The second issue that you raised, Brian, has to do with political choices that are not really about the science. Those choices can be informed by the science, but they involve a whole range of other issues—in this case, politics or economics and who knows what else. To drill in the Arctic or not is not really a scientific decision, and a lot of political decisions are not scientific decisions. Science can inform them, but as I mentioned earlier, those decisions are going to be based on other factors. And I think scientists need to really understand that these are choices that society, a president, or a member of Congress is making. My hope is that those choices will be appropriately informed by the science. But I don’t think we should fool ourselves that someone who is listening to the science is automatically going to choose what you would choose. That underscores the importance of people weighing in and what they believe. But they shouldn’t frame it just around science; they should also frame it around their own values if they are weighing in as citizens.


     
    Andrew Maynard: Jane, just to follow up on that, because I think it ties in very neatly—I have a question on a card that says, “It appears we’re talking about two different kinds of discourse: public engagement and political engagement. The first is really looking at sort of academic expertise and scientific expertise and the second one is possibly looking more at personal values.” I actually think from what you’re saying that if you look at political engagement, there are two sides to that. The first side is informing political dialogue and the second one is actually taking a stance in a political debate. And I didn’t know whether you wanted to talk a little bit more about where you see that line between what is acceptable as an academic or part of the academy as opposed to where you cross a line into personal advocacy.

    Jane Lubchenco: I agree completely with what you said, Andrew, that in the political discourse there are two elements. One is providing scientific information to inform the dialogue. And the second is taking a stance, taking a position, making a specific recommendation based on both science and personal values. I believe that we should absolutely be providing that information and doing it in a way that understands how the political discourse happens, what the rules of engagement are, how it works, and the timeliness element. I believe that it is perfectly appropriate for scientists as individual citizens to also be acting on their values and urging particular actions. Just because they are scientists doesn’t mean they relinquish their rights as citizens. But I think that they need to make it clear that they are acting on their values—informed by science but acting on their values. And I think that we need to be tolerant of that range of choices that individuals, individual academic scientists, can make within this political discourse realm: to choose either to just provide information or to provide information and take a stance.


     
    Question 4, Amy Schalet (University of Massachusetts, Amherst): I’m probably revealing my discipline as a sociologist or my upbringing in northern Europe, but when I was listening to your five values and the two additional ones that came after, I was waiting for something that would say something like that “science can help us promote equity,” or social inclusion, or something along those lines. And I was curious to hear your reflections on a potential way of defending science or invoking its need, especially in light of the fact that some of the most pressing issues in American society today involve inequality, inequity, and so forth and that the discourse politically may actually be changing in favor of those issues and the issue of equality and inequality in America.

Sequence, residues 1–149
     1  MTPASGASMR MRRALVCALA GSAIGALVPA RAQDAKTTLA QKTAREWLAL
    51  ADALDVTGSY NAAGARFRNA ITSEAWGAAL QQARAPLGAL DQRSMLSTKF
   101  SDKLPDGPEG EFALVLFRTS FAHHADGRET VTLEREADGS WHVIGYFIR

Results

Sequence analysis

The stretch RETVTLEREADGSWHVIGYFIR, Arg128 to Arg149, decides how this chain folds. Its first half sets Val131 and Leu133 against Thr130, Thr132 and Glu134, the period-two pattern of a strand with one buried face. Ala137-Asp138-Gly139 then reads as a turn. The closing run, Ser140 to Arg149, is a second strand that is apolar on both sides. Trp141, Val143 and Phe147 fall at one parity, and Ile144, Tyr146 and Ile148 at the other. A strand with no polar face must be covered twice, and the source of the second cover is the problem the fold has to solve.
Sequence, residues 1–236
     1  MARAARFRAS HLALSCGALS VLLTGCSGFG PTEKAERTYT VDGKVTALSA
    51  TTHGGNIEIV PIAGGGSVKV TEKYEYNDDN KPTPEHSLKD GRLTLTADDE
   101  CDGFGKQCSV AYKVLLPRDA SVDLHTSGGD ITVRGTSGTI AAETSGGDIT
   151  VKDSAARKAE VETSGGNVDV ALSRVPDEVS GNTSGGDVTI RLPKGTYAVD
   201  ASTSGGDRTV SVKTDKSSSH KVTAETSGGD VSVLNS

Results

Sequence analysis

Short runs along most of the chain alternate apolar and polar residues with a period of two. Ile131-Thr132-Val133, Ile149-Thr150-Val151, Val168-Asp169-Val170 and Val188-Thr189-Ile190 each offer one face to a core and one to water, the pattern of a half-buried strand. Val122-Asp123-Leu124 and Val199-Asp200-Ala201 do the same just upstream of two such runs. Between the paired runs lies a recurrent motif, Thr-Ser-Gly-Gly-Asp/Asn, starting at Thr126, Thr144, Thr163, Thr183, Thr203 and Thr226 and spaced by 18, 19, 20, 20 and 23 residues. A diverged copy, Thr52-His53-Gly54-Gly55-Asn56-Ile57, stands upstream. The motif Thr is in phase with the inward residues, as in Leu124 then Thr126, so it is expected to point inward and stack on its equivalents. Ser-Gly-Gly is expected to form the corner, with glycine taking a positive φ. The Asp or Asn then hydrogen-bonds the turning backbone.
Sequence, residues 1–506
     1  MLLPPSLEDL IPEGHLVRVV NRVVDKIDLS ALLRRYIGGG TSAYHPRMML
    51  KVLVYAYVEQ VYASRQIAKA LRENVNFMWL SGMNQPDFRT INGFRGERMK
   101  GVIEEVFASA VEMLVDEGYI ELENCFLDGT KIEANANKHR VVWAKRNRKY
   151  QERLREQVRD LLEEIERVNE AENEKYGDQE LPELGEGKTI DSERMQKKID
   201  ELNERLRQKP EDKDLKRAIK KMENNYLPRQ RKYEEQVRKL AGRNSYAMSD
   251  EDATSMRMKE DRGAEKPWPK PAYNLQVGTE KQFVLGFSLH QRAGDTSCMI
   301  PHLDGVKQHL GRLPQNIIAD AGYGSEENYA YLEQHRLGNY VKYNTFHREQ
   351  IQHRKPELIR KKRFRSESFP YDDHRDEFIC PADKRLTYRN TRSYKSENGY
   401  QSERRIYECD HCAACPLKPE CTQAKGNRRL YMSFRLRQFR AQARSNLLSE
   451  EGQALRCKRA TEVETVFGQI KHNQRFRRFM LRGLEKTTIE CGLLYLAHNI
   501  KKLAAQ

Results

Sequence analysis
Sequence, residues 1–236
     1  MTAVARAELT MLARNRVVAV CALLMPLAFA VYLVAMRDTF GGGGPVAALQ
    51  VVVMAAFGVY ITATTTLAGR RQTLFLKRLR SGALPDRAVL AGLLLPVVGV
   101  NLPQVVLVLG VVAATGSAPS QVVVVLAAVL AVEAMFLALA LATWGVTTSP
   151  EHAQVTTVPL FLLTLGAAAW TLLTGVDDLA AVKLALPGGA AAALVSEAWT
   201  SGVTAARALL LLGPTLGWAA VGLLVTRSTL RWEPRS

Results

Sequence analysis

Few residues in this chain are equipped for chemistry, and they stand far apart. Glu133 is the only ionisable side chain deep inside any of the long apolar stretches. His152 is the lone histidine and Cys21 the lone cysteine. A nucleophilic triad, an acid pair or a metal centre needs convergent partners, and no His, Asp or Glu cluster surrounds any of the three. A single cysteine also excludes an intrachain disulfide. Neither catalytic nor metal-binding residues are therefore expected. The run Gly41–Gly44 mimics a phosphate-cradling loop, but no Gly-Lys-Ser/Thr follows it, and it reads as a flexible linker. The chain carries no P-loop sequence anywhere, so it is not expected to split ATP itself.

Jane Lubchenco: That’s a great question. One of my “roles of science” was to improve our lives. And one could argue that equity is essential to improving lives—all of our lives. But I think a better answer is that what you’re really focusing on is about values—about values of society, about values of individuals—and that science, both natural and social science, can help us understand what equity means, how to achieve equity, what the tradeoffs are. But in the end, the choices about what to do to have a more equitable society are really about values. And it’s not simply a matter for science or for scholarship. Scholarship and science can inform it, but in the end, it’s really about values. And what Pope Francis, for example, is bringing to the table is a strong passion about the value of addressing these issues. Same with Senator Elizabeth Warren. Same with other champions who are focusing on equity. I would cite Thomas Piketty as a scholar who has helped us understand what the patterns of inequity have been within and across countries as a way that academic scholarship can help us understand the issues and show patterns. But in the end, it’s going to be the choices of society, individuals, and institutions about this very important issue.


     
    Andrew Maynard: Well, Jane, thank you so much. That was enlightening, thought provoking, and thoroughly excellent. I’m not even going to apologize for the technology, because I think this actually worked exceptionally well. So thank you very much for your time. That’s given us a lot to work on for the next few days.

    Jane Lubchenco: Thank you. Good night. [Applause]